Rankine's theory assumes that there is no wall friction (δ = 0), the ground and failure surfaces are straight planes, and that the resultant force acts parallel to the backfill slope.
In the case of retaining structures, the earth retained may be filled up the earth or natural soil. These backfill materials may exert certain lateral pressure on the wall. If the wall is rigid and does not move with the pressure exerted on the wall, the soil behind the wall will be in a state of elastic equilibrium. Consider the prismatic element E in the backfill at depth, z, as shown in Fig.
The element E is subjected to the following pressures:
Vertical pressure = σ = yz
Lateral pressure = σ_{k}_{,} where g is the effective unit weight of the soil.
If we consider the backfill is homogenous, then both σ_{v} and σ_{k} increases rapidly with depth z. In that case, the ratio of vertical and lateral pressures remain constant with respect to depth, that is σ_{k} / σ_{v} = σ_{k} / yz = constant = K_{ϕ}, where K_{ϕ} is the coefficient of earth pressure for atrest condition.
The atrest earth pressure coefficient (K_{ϕ}) is applicable for determining the active pressure in clays for strutted systems. Because of the cohesive property of clay, there will be no lateral pressure exerted in the atrest condition up to some height when the excavation is made. However, with time, creep and swelling of the clay will occur, and lateral pressure will develop. This coefficient takes the characteristics of clay into account and will always give a positive lateral pressure.
The lateral earth pressure acting on the wall of height H may be expressed as σ_{k} = K_{ϕ}yH.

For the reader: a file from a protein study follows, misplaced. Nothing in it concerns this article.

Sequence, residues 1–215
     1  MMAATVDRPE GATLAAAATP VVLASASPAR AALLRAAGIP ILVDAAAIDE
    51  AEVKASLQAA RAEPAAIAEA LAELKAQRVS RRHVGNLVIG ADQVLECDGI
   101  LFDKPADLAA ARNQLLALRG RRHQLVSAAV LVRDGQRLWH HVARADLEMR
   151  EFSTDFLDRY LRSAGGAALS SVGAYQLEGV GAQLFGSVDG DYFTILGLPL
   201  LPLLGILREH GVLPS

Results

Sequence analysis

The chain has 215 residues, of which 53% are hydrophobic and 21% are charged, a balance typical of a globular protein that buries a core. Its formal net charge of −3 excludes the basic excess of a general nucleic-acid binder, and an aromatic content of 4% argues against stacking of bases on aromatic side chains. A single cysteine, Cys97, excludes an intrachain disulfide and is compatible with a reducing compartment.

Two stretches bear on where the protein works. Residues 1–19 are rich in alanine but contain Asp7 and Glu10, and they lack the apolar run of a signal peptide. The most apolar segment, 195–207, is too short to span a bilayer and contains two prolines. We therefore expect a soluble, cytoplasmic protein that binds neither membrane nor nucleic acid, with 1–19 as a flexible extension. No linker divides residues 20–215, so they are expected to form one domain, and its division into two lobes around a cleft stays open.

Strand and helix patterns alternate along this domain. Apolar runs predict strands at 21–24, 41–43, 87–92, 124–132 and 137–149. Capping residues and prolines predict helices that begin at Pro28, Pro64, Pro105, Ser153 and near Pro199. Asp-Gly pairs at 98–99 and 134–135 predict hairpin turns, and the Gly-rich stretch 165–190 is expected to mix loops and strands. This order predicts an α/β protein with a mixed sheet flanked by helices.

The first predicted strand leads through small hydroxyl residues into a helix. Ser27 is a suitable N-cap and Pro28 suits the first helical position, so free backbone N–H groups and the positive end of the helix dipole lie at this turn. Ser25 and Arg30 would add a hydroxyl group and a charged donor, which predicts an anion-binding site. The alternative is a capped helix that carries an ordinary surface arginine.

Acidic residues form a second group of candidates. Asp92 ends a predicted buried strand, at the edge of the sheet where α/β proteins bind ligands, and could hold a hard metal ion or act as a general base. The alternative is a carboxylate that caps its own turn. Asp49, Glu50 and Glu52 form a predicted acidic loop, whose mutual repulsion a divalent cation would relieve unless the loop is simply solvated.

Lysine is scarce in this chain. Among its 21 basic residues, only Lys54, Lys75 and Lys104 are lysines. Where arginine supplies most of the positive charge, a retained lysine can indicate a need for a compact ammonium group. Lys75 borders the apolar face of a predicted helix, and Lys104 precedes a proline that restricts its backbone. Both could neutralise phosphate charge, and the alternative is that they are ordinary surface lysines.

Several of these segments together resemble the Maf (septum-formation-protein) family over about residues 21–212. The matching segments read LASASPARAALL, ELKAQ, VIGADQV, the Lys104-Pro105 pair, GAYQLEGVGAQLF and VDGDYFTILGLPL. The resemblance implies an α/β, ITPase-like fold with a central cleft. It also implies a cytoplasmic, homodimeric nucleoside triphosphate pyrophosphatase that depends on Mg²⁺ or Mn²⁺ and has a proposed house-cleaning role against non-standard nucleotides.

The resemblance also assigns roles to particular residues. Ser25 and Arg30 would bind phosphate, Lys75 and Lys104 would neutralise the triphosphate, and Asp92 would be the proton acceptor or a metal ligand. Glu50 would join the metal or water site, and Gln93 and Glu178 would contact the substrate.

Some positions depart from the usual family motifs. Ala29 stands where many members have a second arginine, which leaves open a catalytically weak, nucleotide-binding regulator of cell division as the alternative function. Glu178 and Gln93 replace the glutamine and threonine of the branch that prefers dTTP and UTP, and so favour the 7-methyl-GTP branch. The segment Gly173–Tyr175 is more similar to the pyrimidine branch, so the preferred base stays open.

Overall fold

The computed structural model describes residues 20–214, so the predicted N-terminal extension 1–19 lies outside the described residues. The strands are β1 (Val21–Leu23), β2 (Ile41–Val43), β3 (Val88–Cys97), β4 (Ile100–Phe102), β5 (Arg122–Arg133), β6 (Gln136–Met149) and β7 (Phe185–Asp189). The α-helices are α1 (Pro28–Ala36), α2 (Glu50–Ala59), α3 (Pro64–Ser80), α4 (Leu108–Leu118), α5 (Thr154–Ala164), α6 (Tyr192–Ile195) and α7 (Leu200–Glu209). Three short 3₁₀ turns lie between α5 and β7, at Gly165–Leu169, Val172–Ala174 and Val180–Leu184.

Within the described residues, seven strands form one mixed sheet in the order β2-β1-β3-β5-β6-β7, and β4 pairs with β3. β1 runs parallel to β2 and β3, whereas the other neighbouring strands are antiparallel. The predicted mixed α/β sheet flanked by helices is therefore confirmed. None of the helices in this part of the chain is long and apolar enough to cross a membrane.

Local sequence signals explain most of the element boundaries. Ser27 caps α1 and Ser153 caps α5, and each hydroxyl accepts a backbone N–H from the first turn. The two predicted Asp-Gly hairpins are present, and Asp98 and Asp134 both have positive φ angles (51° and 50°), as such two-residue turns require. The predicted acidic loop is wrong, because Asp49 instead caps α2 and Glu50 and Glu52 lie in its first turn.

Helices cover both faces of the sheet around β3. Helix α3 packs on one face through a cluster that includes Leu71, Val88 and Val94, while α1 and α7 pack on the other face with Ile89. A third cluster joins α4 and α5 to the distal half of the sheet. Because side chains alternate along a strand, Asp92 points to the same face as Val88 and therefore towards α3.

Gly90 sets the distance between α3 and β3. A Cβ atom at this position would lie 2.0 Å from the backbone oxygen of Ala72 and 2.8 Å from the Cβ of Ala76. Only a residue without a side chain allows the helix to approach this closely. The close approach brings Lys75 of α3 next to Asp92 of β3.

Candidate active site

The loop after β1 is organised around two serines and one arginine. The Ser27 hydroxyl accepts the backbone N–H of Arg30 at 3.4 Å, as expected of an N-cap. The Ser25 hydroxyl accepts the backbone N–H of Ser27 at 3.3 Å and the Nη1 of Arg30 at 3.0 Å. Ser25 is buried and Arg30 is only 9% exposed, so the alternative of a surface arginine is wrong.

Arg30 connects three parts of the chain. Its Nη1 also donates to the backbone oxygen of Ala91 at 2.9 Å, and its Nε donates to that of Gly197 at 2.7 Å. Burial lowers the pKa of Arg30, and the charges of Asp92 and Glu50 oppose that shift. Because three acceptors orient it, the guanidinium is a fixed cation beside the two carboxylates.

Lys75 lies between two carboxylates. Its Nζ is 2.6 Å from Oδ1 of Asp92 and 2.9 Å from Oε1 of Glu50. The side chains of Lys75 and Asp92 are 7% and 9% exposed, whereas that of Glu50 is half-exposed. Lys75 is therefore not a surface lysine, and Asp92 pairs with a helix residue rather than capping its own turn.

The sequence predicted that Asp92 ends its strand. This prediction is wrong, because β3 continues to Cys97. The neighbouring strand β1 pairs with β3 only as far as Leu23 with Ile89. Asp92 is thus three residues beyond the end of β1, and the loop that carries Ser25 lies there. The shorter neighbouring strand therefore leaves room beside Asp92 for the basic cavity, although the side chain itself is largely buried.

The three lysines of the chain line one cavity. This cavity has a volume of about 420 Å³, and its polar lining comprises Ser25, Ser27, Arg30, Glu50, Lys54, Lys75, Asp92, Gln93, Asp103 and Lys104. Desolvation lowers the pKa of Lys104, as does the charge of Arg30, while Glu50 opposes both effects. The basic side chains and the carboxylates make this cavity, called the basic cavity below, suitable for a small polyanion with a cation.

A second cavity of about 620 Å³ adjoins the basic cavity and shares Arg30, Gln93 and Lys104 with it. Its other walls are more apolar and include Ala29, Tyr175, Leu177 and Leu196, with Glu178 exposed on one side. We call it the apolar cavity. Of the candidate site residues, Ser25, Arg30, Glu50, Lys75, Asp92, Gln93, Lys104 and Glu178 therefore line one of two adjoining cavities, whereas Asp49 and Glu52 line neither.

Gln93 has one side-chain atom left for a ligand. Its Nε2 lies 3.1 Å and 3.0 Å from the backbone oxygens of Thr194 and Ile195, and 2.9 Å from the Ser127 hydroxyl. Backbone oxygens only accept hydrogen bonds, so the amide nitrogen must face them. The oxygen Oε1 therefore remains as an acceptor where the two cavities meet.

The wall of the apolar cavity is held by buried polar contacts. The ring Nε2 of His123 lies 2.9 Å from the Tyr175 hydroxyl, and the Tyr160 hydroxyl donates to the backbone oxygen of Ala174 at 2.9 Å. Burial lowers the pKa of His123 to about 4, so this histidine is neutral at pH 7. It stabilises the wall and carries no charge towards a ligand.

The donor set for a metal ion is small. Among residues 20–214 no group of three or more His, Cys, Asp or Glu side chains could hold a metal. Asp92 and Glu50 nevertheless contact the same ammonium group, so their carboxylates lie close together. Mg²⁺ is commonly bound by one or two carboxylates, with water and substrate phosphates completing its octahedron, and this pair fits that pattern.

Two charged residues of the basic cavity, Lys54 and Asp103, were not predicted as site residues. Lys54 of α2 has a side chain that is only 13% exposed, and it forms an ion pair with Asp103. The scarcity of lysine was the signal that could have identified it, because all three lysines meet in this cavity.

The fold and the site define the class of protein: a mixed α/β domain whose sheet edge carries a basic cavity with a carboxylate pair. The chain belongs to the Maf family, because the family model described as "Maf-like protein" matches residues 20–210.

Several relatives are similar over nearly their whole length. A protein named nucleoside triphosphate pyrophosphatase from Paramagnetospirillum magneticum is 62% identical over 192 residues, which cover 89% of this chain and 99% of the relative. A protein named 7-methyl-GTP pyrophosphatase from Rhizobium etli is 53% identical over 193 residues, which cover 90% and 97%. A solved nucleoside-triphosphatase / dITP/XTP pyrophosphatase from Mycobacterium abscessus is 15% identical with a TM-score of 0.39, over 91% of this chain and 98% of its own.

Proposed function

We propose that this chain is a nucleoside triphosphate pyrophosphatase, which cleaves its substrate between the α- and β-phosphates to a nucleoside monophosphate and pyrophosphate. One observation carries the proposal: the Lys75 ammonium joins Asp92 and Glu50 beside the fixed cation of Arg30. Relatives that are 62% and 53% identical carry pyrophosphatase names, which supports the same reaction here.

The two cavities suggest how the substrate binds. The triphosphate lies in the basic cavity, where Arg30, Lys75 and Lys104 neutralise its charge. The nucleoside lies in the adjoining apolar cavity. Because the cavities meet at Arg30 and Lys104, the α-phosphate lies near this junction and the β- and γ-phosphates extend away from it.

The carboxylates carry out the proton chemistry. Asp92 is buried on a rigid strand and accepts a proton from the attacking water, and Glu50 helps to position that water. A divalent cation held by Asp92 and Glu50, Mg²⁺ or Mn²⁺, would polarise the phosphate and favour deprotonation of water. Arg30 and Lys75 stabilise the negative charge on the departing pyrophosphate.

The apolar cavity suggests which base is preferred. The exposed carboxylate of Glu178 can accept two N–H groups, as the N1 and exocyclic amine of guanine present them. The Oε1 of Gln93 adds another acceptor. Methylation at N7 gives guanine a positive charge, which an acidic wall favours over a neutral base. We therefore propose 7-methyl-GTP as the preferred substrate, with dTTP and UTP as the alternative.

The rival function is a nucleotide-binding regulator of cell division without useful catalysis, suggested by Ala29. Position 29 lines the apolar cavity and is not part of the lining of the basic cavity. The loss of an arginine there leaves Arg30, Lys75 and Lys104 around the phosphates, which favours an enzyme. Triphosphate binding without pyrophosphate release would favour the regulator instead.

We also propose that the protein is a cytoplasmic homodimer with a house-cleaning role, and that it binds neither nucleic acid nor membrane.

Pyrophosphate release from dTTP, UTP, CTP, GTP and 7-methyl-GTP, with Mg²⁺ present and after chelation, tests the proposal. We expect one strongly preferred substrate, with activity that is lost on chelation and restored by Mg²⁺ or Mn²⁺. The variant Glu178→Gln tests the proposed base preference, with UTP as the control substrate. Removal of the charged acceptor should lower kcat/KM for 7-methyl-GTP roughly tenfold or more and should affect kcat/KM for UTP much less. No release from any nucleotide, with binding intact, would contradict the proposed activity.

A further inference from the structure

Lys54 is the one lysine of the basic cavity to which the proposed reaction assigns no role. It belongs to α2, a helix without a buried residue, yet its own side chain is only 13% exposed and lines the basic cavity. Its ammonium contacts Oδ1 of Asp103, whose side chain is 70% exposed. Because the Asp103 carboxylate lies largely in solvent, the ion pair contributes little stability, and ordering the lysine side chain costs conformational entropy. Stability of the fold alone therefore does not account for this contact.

The total pressure for the soil at rest condition, P_{ϕ} = 0.5K_{ϕyH}^{2}.
The value of K_{ϕ} depends on the relative density of sand and the process by which the deposit was formed. If this process does not involve artificial tamping, the value of K_{ϕ} ranges from 0.4 for loose sand to 0.6 for dense sand. Tamping of the layers may increase it upto 0.8.
From elastic theory, K_{ϕ} = μ/(1  μ), where μ is the Poisson's ratio.
According to Jaky (1994), a good approximation of K_{ϕ} is given by, K_{ϕ} = 1  sinϕ.
Coulomb (1776) developed a method for determining the earth pressure, in which he considered the equilibrium of the sliding wedge, which is formed when the movement of the retaining wall takes place. The sliding wadge is torn off from the rest of the backfill due to the movement of the wall. In the Active Earth pressure case, the siding wedge moves downwards & outwards on a slip surface relative to the intact backfill & in the case of Passive Earth pressure, the sliding wedge moves upward and inwards. The pressure on the wall is, in fact, a force of reaction which it has to exert to keep the sliding wedge in equilibrium. The lateral pressure on the wall is equal and opposite to the reactive force exerted by the wail in order to keep the siding wedge in equilibrium. The analysis is a type of limiting equilibrium method.
The following assumptions are made:
Some Graphical solutions for lateral Earth Pressure are
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1. What is earth pressure in civil engineering? 
2. What are the different types of earth pressure theories in civil engineering? 
3. How does Rankine's theory of earth pressure differ from Coulomb's theory? 
4. What is the Modified Coulomb's theory of earth pressure? 
5. How is earth pressure calculated in civil engineering? 

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